My sister and I hoofed it, running like silly little girls all the way to the end of the sidewalk so we could get this awesome shot of the famous Oak Alley Plantation in Louisiana.  Along our way we passed an older gentleman who was confused by our urgency.  He beckoned for us to slow down, “you’ve got time”, he said.  But little did he know that our tour began in 5 minutes and that sidewalk was loooooooooooooooong! We still had to run all the way back to the house. The plantation is swarming with people so we felt lucky that our photo only captured a couple of tourists and they’re itty bitty in the background.
The oak trees were absolutely mind-blowing; so majestic, so old, and so HUGE. Unfortunately, our experience went down hill a little from there. The tour of the house was super odd. Obviously they’ve gotten into some political trouble as of late because they were very tight-lipped about how the family lived in the home and instead, focused almost solely on how the slaves worked about the house. Even then the information was sparse and uninteresting. I completely understand shying away from glorifying the slave movement in any way. We should not romanticize generations of people who were oppressed, tortured, and treated like animals; however, there is a history to be told here that can’t be ignored and shoved under a rug. It was obvious that the tour guides were VERY nervous to talk about much regarding the house or the family. I was very frustrated. You can’t destroy an era of history just because you don’t agree with it. A more constructive way of dealing with it is telling these stories and helping people learn from them.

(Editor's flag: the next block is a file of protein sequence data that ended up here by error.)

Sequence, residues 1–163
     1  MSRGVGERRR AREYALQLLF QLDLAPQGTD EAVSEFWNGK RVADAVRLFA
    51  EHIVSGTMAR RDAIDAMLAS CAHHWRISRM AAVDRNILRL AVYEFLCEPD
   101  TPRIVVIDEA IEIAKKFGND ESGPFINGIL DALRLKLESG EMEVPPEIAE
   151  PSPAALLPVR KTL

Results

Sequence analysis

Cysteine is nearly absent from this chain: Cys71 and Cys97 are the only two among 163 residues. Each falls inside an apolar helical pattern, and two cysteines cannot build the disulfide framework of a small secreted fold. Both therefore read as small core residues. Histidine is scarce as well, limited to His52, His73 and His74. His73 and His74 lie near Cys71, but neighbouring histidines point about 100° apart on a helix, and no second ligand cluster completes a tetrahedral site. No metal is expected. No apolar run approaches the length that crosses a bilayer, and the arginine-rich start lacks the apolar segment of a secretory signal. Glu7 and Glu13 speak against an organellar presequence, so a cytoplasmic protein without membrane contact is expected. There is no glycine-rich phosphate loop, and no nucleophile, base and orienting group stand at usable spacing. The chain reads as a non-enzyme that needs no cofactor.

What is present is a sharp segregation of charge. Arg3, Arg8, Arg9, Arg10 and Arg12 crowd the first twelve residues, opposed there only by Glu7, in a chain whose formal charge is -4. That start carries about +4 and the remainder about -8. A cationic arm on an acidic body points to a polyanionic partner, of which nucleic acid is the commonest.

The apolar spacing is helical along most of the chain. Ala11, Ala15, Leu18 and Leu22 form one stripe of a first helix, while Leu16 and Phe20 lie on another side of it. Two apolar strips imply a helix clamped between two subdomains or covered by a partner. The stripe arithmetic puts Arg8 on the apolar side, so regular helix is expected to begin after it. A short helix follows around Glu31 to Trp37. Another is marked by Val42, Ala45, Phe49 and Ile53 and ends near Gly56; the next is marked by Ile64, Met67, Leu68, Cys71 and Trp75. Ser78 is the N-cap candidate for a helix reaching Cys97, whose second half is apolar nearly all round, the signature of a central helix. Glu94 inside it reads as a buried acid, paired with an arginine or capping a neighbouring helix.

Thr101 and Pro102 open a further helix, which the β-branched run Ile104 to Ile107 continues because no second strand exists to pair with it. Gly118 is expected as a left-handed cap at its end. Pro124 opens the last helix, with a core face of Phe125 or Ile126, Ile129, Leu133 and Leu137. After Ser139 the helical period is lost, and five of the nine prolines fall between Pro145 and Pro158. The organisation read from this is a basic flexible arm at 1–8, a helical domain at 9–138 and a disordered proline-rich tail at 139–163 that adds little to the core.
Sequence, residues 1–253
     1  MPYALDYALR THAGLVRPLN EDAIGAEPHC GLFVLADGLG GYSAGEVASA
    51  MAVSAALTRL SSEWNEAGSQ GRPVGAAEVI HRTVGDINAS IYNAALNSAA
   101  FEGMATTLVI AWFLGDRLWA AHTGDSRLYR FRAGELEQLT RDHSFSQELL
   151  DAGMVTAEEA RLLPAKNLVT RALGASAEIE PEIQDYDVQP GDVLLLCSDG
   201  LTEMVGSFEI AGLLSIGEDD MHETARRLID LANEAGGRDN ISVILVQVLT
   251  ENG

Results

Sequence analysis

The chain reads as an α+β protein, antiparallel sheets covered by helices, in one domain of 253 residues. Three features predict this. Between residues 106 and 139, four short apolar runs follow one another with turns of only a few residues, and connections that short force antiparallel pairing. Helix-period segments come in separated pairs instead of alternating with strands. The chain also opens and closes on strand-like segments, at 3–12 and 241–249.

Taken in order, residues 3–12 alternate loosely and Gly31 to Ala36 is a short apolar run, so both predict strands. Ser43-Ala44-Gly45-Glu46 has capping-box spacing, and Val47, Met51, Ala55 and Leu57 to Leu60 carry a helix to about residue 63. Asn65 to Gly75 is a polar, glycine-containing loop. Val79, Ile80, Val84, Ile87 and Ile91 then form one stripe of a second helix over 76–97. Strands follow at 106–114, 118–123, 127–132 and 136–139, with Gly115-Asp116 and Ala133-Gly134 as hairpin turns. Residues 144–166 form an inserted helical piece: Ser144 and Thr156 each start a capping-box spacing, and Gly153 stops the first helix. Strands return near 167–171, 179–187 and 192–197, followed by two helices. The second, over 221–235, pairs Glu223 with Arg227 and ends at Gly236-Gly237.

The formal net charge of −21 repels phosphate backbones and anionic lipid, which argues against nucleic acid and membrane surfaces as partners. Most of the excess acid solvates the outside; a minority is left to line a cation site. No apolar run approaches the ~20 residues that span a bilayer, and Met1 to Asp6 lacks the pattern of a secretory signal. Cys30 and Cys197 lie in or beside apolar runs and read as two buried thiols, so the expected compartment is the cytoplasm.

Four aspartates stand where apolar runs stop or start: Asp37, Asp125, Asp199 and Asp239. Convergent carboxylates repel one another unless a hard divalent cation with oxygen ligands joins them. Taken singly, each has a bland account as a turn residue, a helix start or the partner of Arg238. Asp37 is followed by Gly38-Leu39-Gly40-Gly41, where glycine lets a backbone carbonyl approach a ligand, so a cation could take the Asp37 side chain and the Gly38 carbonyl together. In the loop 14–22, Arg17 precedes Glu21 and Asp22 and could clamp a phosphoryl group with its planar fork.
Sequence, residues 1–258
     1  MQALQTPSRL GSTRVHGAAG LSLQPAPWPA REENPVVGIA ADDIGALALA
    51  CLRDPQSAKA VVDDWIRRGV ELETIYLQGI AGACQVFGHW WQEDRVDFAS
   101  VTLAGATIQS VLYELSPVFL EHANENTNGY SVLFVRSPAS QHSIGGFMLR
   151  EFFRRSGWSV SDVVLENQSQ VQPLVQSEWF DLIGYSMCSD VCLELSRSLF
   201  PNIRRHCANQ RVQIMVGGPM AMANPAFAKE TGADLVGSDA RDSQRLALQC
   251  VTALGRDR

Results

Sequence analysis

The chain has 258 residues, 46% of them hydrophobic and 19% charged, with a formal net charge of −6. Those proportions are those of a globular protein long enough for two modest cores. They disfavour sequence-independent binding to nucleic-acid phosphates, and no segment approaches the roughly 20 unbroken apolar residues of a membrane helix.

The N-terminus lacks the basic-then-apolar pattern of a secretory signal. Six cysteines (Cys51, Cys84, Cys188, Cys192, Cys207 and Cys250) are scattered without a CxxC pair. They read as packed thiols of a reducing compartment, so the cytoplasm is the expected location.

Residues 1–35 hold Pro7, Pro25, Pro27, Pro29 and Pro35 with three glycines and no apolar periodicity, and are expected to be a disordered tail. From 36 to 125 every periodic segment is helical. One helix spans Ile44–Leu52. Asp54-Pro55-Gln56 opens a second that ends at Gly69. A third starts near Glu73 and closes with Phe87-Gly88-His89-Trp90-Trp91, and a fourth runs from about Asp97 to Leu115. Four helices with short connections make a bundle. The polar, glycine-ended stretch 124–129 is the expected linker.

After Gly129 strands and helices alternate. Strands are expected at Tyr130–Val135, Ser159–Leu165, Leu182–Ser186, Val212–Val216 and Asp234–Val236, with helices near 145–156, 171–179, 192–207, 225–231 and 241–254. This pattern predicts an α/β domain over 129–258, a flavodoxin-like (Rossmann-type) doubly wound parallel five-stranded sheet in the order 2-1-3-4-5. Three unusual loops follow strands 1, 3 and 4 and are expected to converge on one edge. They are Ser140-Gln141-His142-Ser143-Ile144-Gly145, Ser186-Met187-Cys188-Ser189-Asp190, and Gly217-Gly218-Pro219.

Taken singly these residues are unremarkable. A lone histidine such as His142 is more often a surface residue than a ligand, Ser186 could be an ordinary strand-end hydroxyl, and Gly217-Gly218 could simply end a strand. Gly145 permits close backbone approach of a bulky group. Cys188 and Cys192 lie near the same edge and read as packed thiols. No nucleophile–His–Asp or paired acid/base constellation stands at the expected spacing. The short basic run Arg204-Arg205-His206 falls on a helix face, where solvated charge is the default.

This idea was illustrated perfectly by our tour at the Whitney Plantation a few miles down the road. This plantation is dedicated solely to telling the story of the forgotten slave. Our African-American tour guide (with slavery roots to this very plantation) did a phenomenal job of exploring all sides of the slavery question and helping us all understand what happened, how we can avoid it in the future, how we can come together as different races, etc. He was extremely philosophical and diplomatic and proposed through a series of stories that education is the key for all of us to be our best selves and to avoid oppression. It was AMAZING! I watched a large group of diverse people come together and have a very civil, enlightening discussion on how to improve our society in a way that didn’t preach entitlement, victimhood, or superiority, but individual responsibility. I was thoroughly impressed with the whole experience. Kudos to the Whitney Plantation Organization.
This is why I LOVE traveling. My eyes were opened and my heart was very full that day. So thankful for this incredibly inspiring experience. But don’t forget. You don’t have to take a long-distance trip to have a life-changing experience. Sometimes some of the greatest lessons are right in your own backyard. #happytravels #whatsinyourbackyard